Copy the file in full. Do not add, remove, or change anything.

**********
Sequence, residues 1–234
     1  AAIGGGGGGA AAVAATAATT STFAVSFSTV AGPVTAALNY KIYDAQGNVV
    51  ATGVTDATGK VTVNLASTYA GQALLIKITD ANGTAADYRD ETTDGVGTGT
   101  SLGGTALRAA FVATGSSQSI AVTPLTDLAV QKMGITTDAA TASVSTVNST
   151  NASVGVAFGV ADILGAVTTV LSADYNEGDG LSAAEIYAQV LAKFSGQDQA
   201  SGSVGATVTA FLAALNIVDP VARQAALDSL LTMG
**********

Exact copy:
Sequence, residues 1–234
     1  AAIGGGGGGA AAVAATAATT STFAVSFSTV AGPVTAALNY KIYDAQGNVV
    51  ATGVTDATGK VTVNLASTYA GQALLIKITD ANGTAADYRD ETTDGVGTGT
   101  SLGGTALRAA FVATGSSQSI AVTPLTDLAV QKMGITTDAA TASVSTVNST
   151  NASVGVAFGV ADILGAVTTV LSADYNEGDG LSAAEIYAQV LAKFSGQDQA
   201  SGSVGATVTA FLAALNIVDP VARQAALDSL LTMG